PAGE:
though pipes have problems when you need to interrupt the guy
at the other end - and message queues, semaphores, signals and
mapped files. None of that stuff is new. It's just a lot of
variants to deal with if the alternative is moving everything
into one process.

We agree, I think, that maintaining two architectures as different
as superserver and classic is a problem. The question is which
architecture offers the best performance in the general case. And,
of course, that requires that we agree on what is the general case.

>This features
>are available on most platforms (just have a look at Oracle list of
>supported platforms and at syscalls trace of features it uses).

And if we had Oracle's funding - if we even had the funding that
Oracle has put into its America's Cup Challenge - we too could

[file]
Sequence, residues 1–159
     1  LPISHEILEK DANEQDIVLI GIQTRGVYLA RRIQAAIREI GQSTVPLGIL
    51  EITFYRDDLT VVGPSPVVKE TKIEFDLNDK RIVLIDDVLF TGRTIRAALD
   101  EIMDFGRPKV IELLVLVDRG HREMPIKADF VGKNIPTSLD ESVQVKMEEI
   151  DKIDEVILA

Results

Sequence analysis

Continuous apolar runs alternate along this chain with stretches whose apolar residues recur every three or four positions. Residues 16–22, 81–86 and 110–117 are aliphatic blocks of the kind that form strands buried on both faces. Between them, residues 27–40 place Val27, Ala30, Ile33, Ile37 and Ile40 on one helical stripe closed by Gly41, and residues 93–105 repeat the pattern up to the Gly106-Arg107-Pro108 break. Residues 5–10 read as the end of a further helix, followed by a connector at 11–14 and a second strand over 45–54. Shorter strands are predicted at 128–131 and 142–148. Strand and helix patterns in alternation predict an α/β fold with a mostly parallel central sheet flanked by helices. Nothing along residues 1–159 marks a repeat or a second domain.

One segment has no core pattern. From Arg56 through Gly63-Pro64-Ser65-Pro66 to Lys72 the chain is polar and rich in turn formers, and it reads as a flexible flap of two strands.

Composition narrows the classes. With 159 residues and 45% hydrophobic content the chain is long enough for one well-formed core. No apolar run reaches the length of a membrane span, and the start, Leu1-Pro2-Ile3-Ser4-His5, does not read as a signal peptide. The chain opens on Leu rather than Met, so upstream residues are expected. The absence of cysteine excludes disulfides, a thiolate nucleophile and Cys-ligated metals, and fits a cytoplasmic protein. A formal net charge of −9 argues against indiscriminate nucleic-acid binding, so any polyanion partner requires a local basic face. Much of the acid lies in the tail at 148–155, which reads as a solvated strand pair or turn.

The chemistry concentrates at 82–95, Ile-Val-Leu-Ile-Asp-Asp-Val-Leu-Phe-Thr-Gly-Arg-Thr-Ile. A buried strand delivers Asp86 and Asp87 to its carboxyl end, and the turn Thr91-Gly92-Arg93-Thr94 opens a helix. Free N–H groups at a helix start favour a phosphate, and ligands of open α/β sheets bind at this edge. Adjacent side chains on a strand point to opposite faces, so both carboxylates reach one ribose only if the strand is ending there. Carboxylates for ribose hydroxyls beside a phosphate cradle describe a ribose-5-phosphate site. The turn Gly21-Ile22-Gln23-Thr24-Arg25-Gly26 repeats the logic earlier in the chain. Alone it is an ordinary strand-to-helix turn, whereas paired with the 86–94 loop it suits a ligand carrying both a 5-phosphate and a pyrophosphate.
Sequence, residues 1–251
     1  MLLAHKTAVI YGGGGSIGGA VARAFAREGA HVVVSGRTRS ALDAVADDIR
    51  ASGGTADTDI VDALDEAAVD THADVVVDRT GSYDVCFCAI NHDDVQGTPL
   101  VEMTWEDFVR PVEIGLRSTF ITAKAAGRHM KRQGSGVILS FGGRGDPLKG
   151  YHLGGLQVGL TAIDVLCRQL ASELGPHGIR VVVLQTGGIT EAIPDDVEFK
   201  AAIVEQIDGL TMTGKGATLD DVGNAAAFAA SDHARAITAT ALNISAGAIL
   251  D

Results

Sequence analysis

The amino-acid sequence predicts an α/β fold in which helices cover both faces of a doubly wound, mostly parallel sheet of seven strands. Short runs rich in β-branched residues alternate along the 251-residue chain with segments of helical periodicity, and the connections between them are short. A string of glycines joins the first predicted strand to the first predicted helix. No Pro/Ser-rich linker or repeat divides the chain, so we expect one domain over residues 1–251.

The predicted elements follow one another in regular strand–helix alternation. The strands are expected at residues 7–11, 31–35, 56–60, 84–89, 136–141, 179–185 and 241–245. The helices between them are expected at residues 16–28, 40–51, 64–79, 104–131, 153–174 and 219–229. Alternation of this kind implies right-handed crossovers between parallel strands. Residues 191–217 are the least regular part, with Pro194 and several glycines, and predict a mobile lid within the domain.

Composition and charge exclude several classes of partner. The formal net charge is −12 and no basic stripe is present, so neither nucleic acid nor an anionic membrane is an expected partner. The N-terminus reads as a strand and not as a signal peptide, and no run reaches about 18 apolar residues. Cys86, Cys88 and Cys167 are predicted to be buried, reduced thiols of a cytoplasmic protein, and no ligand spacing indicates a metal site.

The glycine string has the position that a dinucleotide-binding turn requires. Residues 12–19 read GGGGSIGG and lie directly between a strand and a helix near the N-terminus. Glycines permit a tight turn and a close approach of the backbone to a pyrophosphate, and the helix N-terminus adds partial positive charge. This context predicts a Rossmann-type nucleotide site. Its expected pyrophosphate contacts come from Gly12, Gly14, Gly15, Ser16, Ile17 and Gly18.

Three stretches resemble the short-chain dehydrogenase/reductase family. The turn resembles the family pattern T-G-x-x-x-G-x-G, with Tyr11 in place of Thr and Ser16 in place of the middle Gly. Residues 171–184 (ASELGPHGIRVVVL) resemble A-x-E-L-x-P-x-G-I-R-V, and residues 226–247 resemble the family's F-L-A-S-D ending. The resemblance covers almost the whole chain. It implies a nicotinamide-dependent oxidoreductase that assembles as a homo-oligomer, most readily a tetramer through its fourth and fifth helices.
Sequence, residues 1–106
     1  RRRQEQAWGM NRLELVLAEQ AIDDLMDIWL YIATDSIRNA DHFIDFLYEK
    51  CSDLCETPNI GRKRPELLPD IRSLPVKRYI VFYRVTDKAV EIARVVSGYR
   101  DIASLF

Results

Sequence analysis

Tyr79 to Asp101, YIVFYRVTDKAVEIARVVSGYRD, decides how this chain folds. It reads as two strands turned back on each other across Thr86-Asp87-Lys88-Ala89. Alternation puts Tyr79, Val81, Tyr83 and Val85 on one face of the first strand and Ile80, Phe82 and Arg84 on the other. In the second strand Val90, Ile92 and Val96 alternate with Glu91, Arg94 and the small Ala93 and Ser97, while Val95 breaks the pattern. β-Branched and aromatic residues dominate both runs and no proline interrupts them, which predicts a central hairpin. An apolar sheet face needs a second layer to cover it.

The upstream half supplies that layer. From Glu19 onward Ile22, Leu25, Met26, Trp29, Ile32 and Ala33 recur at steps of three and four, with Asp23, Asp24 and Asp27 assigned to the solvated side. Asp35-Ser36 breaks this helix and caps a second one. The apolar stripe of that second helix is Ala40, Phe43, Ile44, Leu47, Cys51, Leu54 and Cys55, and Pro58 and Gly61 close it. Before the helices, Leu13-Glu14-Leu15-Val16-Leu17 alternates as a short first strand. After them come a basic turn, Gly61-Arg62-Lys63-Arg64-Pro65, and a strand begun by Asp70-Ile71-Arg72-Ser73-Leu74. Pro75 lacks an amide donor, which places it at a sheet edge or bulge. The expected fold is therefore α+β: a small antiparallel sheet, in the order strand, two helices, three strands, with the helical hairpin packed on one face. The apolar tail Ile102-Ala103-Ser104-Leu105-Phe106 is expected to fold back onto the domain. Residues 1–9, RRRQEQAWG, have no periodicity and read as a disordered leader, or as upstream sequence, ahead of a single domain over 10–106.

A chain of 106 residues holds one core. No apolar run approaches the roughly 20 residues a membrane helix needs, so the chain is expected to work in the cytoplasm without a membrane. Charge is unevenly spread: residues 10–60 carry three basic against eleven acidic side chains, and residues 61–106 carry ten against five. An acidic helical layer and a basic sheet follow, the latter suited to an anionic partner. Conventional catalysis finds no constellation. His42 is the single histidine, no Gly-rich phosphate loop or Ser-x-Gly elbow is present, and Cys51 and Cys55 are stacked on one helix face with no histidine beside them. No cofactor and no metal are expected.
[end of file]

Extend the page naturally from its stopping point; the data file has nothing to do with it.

handle two architectures.

>I think acceptable model is combined multi-process multi-threaded
>server. This is optimal for some platforms (like Windows)
>which have optimized threading and is good for stability.

I'd like that better if it didn't require a pool of connections
and didn't violate the requirement for careful writes.

> > Borland has found a way to kill runaway queries
>One flag checked in a couple places and exception raised.

Right. There is the precondition of being able to identify
the runaway thread, but that too is SMOP.

> > Yes, we could add shared page and metadata caching to classic,
> > but that's redoing work that's already been done in superserver,
>Not that simple. Metadata cache needs not to be shared.

Not if you maintain a connection pool - the cost of recreating
the metadata image on each new connection is considerable.

>1)Add version for each cached object.


>2)Allocate write-protected area in the shared memory to store
>object versions associated with objects.